Freeman Lumber on a roll

by Gayle Wilson

Just over a month after the sawmill company announced it would be suspending operations and expected to lay employees off, Harry Freeman & Son Ltd. of Greenfield, Queens County, is hiring workers.

"Two weeks ago we reduced our scheduled shifts by one hour to conserve our log supply. We now have a couple solid leads for chip sales," Richard Freeman, the company's vice president, told LighthouseNOW in an email May 13.

Freeman, who is in charge of the company's legal and corporate affairs, said he wasn't at liberty to discuss details as they are subject to non-disclosure agreements. However, he added that the company has resumed log purchases. "All our contractors are back in the woods and we have returned to our regular shift hours."

The company recently began advertising on internet job sites for sawmill workers.

On April 9, Harry Freeman & Son Ltd. had issued a press release advising it was suspending operations "indefinitely."

"Freeman Lumber has stopped accepting deliveries of logs indefinitely due to a lack of markets for sawmill chips. This is a direct result of the closure of Northern Pulp, our largest and most critical customer. It is not COVID-19 related," said the release.

Shortly afterward, Freeman told LighthouseNOW, "It should take us about five or six weeks to process our current log inventory."

Freeman Lumber is one of the oldest and largest integrated sawmills in Nova Scotia,. It has been producing more than 100 million board feet annually and employs more than 150 direct employees, while supporting a network of other businesses including truckers, contractors and suppliers in Queens and Lunenburg counties.

Concern for the sixth-generation family-owned business has been evident for some time. Last April, Richard Freeman warned about the impact of what was then the potential closing of Northern Pulp, at a luncheon organized by the Bridgewater and Area Chamber of Commerce. Freeman told the guest speaker, PC Leader Tim Houston, that, for many local lumber companies, Northern Pulp was their "Plan B" following the closure of the Bowater and Oakhill mills.

The province forced Northern Pulp to close in January after it failed to meet a deadline of environmental conditions. Some of Northern Pulp's central and northern suppliers are now sending their product to the mill in Port Hawkesbury,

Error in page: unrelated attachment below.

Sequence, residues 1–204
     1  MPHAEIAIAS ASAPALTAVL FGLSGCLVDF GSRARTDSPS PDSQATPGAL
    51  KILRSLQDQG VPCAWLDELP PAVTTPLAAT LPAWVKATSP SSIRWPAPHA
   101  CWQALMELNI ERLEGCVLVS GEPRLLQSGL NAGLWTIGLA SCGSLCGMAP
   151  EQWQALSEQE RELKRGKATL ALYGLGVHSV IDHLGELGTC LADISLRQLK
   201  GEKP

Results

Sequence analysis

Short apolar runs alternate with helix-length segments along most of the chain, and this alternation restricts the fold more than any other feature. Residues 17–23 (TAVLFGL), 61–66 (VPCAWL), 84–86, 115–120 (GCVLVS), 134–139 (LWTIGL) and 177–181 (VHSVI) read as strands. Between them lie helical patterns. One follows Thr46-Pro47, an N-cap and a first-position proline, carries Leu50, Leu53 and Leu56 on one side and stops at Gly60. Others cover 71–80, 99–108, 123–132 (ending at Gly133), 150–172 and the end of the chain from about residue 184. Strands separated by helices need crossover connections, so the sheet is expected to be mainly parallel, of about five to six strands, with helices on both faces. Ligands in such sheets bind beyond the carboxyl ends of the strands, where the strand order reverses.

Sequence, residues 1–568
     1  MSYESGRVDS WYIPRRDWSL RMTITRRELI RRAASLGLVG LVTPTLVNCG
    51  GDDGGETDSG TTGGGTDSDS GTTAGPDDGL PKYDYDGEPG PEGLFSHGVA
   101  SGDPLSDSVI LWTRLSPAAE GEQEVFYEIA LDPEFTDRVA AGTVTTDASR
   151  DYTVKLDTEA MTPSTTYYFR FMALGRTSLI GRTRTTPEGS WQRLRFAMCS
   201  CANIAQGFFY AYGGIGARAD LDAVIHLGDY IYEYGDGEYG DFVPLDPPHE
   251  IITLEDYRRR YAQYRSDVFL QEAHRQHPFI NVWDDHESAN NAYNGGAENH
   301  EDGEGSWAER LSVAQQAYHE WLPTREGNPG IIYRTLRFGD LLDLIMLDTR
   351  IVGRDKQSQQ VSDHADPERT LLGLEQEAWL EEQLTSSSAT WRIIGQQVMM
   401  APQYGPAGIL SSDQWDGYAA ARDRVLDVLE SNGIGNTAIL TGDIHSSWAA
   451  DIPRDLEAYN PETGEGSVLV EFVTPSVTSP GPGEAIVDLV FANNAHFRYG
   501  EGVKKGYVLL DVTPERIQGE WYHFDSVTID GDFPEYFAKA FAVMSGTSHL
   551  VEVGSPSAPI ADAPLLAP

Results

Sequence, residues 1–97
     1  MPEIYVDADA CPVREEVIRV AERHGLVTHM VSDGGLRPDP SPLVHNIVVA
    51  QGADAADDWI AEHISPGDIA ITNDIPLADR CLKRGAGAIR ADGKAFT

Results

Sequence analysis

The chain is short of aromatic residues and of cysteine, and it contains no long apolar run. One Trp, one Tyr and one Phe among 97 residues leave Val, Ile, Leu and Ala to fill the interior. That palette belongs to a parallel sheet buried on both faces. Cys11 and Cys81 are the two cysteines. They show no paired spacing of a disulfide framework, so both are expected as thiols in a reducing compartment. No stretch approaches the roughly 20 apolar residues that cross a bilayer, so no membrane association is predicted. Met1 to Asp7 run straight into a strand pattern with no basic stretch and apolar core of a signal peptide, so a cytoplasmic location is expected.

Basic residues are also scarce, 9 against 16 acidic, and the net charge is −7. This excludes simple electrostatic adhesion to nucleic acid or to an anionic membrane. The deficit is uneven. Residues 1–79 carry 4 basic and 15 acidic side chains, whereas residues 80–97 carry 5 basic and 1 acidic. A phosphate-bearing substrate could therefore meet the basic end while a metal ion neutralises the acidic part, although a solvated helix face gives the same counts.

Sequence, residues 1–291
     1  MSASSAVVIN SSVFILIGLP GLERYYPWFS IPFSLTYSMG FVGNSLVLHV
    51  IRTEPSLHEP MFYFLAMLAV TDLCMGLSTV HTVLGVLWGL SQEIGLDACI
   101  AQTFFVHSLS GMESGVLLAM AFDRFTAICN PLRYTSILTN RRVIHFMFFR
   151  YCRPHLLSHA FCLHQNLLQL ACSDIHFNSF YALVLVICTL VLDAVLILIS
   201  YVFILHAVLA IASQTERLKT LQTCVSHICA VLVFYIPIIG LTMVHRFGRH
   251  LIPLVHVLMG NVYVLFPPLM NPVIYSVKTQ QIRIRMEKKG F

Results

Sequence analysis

But Freeman Lumber President Charlie Freeman explained in the release that the distance from "other potential customers is challenging." He said the company is continuing to look for "viable alternatives" and currently "stockpiling wood chips as we process our remaining log inventory.

"Last week's pay to private landowners and woods contractors was just under $1.1 million. Our heart goes out to our suppliers. These hardworking Nova Scotians stand to lose their jobs, homes, businesses and savings. Yet we simply cannot afford to buy their wood while piling chips on the ground, " said Freeman's president.

Meanwhile, in a letter to Nova Scotia Premier Stephen McNeil dated March 23, the mayor of the Region of Queens Municipality, David Dagley, warned that Freeman Lumber had no market for sawmill chips past the end of March, "and after processing their remaining inventory, will lay off workers and cease operations."

Dagley advised the premier the lumber mill had notified its contractors, truckers and wood suppliers on March 20 that the last day for log and stud wood deliveries was slated to be April 3.

Taking into account ancillary businesses, the mayor warned that 200 workers could be affected, at a time when the COVID-19 pandemic is also taking its toll.

Richard Freeman subsequently confirmed to LighthouseNOW the company is also looking into setting up a wood pellet business.

"We continue to work hard on a potential wood pellet operation. These efforts are still at a relatively early stage. It will take about 18 months to finance, build and commission a pellet facility," he advised.

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